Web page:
Memory care is getting a lot of developer and investor attention today because of projected massive growth of the sector. As the swell of seniors quadruples during the next 15 years, the demand will rise even faster for properties that can care for residents with limited mental capacities.

The amount of people 65 and older is expected to increase by 50 million in the U.S. by 2020. Though assisted living facility development has been a hot sector for the past decade, memory care has been just a small part of the offerings. However, advances in health care, medicine and physical fitness are expected to keep people living longer.

“While there have been many scientific advances in health of the body, they’re still behind on figuring out how to keep the mind going,” says Kenneth J. Carriero, regional director and senior vice president of the National Seniors Housing Group at Colliers. “Families who can’t afford assisted living may have tried to take care of mom and dad, but when it gets into a memory care situation, there isn’t really that option. You can’t leave them home by themselves, and they require constant care.”

Sharon Yester, chief asset manager for CNL Financial, says for each five years after age 65, the likelihood of memory loss goes up. At 65, only 3 percent to 4 percent will need memory care, but this increases to 8 percent by age 70, 15 percent at age 75, 25 percent to 30 percent by age 80, and will affect almost one out of every two people who reach 90 years old.

“There’s also the concern that with families being separated,” she says. “Years ago, you lived close to your parents your whole life, but now it’s more acceptable to live across the country from family. There needs to be a place where seniors can go and the children can know that they’re safe.”

Typically, she says, seniors with memory loss are a danger for three reasons—forgetting to take medication, trouble with normal day-to-day tasks and being apt to wander. “Any of these behaviors, even not being able to cook or shop for things because you can’t remember how, can be debilitating,” Yester says.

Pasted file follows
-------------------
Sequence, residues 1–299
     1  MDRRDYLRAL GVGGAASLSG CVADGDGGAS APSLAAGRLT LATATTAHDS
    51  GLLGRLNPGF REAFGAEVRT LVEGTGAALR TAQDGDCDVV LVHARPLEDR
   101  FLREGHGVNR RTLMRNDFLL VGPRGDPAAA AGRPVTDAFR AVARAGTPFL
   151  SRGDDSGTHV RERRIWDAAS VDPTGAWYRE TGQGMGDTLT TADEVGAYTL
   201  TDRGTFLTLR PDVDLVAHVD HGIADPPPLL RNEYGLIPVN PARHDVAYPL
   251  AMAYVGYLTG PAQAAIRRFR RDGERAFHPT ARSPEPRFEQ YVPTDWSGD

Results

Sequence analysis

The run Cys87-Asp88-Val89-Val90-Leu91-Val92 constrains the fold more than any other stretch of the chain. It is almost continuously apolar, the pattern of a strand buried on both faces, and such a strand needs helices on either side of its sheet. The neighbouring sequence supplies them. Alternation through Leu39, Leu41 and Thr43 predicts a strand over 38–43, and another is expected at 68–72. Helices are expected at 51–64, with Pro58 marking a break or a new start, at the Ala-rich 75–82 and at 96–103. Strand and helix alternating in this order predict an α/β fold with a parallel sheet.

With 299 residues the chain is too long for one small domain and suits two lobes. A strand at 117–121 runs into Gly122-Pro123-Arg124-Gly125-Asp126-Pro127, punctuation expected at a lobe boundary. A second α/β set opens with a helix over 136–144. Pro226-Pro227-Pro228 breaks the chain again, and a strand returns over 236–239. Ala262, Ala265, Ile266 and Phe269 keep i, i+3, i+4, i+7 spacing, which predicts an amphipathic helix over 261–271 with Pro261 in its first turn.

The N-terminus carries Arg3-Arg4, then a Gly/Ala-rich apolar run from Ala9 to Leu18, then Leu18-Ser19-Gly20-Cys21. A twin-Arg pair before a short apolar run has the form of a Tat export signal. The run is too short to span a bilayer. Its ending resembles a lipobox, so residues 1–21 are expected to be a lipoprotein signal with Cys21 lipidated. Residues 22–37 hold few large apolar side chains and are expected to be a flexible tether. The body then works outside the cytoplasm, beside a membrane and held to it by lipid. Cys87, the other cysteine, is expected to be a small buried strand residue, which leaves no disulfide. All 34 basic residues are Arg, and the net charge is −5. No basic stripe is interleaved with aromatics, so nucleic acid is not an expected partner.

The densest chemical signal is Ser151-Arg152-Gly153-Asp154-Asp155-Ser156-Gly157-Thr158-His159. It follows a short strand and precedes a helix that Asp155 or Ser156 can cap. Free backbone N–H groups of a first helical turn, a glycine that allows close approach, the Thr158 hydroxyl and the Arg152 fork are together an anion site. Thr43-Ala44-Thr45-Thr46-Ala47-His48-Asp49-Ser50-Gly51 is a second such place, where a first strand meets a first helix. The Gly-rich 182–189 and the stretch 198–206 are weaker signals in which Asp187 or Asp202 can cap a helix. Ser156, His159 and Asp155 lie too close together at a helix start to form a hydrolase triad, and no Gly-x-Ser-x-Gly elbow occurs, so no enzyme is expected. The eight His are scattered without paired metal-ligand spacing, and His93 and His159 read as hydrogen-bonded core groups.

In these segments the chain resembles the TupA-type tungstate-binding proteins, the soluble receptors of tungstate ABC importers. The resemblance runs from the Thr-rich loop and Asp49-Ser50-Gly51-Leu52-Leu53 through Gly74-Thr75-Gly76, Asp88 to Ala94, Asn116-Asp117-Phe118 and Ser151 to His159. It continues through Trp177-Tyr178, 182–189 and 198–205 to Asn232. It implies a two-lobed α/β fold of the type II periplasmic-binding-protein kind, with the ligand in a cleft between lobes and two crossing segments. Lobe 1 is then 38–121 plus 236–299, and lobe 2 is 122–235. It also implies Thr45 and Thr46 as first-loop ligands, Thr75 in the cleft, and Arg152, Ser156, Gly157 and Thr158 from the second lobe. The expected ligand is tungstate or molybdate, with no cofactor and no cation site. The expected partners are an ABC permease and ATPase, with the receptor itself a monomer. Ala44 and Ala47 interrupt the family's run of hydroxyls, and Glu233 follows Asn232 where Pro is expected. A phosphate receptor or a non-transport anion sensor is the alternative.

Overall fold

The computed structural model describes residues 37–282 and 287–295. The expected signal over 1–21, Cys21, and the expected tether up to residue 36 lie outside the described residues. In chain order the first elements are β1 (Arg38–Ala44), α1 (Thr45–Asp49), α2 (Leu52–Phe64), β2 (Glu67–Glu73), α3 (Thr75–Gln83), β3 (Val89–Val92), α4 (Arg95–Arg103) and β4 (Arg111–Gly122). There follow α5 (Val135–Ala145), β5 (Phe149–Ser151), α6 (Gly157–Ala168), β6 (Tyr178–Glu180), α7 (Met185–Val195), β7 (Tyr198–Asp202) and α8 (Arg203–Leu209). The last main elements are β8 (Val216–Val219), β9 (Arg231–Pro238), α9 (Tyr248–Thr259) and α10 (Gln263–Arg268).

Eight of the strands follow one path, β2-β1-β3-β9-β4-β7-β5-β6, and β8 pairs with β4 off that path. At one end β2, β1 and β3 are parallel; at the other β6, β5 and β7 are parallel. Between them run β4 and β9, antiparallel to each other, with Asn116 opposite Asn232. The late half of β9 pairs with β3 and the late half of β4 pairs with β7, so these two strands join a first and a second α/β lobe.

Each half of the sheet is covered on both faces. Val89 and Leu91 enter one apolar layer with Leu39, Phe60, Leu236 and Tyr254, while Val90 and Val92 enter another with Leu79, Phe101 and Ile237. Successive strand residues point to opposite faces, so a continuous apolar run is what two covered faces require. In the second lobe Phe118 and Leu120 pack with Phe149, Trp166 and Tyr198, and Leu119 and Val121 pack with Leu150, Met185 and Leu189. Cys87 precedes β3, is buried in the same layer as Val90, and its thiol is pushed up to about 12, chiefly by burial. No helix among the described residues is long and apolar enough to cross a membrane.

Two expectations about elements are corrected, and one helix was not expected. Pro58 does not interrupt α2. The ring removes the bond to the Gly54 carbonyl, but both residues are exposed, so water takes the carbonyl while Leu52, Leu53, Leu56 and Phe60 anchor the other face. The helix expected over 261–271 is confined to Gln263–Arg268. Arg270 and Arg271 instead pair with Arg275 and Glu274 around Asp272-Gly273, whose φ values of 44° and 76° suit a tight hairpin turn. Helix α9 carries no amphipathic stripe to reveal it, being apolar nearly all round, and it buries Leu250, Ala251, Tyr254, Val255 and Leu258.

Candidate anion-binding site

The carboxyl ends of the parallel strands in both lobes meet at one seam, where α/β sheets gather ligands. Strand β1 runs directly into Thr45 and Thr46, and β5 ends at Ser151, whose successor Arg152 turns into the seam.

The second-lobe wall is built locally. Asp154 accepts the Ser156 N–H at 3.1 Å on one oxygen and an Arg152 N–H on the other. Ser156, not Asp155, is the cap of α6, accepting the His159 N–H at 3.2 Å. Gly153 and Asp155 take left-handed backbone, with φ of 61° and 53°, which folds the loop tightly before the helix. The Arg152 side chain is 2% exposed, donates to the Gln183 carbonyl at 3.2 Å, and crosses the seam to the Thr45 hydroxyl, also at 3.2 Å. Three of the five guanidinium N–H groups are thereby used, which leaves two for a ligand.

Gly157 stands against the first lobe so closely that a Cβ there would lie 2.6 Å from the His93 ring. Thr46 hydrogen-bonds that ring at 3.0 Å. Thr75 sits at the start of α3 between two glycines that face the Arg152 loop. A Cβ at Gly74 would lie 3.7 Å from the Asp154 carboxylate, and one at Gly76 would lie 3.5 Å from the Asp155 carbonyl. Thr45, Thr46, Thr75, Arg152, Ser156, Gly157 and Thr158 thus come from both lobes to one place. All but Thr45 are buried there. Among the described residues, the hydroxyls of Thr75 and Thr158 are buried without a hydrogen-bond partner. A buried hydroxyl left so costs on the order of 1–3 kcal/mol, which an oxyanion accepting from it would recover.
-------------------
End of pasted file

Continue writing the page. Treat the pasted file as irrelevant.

She says CNL’s health care REITs are focusing more on memory care, such as the Sunrise on Connecticut Avenue in Washington, D.C., owned by CNL Healthcare Trust, which has a wing dedicated to the seniors. Having a mixed property allows seniors to move from one section of the property to another without having to give up friends and learn a new property, Yester says.

Michael Berne, managing director of Lee & Associates’ new senior housing group, says he’s seen a pickup in development, as a few of his clients are quickly adding memory care wings to their properties. “You’re seeing it in almost every setting, full memory care facilities popping up all over the place,” he says.

A number of companies are looking to build full memory care facilities, Berne says. One client he says he can’t name is pushing a large investment project for these properties. “They’re raising close to $200 million to build 10 memory care facilities between Texas and Florida,” he says. “Based on how it’s being received by the investment community, it’s going well. They recognize the need and demand is out there.”

He says though there’s about 6 million seniors who need memory care residential today, that number will triple in the next 20 years. Properties not financially feasible for regular assisted living or market rate seniors property will be possible to finance for memory care, Berne says, as it’s a costlier facility to run. “There’s the need for more staff, and they’re a little better trained, they have to deal with a number of different types of dementia. The true cost to operate is higher, and the rents will reflect this.”

Jason Dupont, financial director for the LaSalle Group, agrees that costs are higher at memory care facilities. His firm owns 27 properties, all memory care, and has a set building pattern of about 46 units in 26,000 square feet. “We receive rates about 20 percent to 30 percent of what you’ll get for normal assisted living,” Dupont says.

He says the demand today, plus the costs involved, allow the company to continue building three to five new memory care properties per year. “When we go into the markets we want to build, we’re seeing in many cases a 10-to-1 demand to supply ratio,” Dupont says. “Other developers are seeing this as well. There are a lot of banks now working on the dementia side. However, we’re pretty established, and we can get past the barrier to entry of needing a significant, experienced operational team to handle memory care patients.”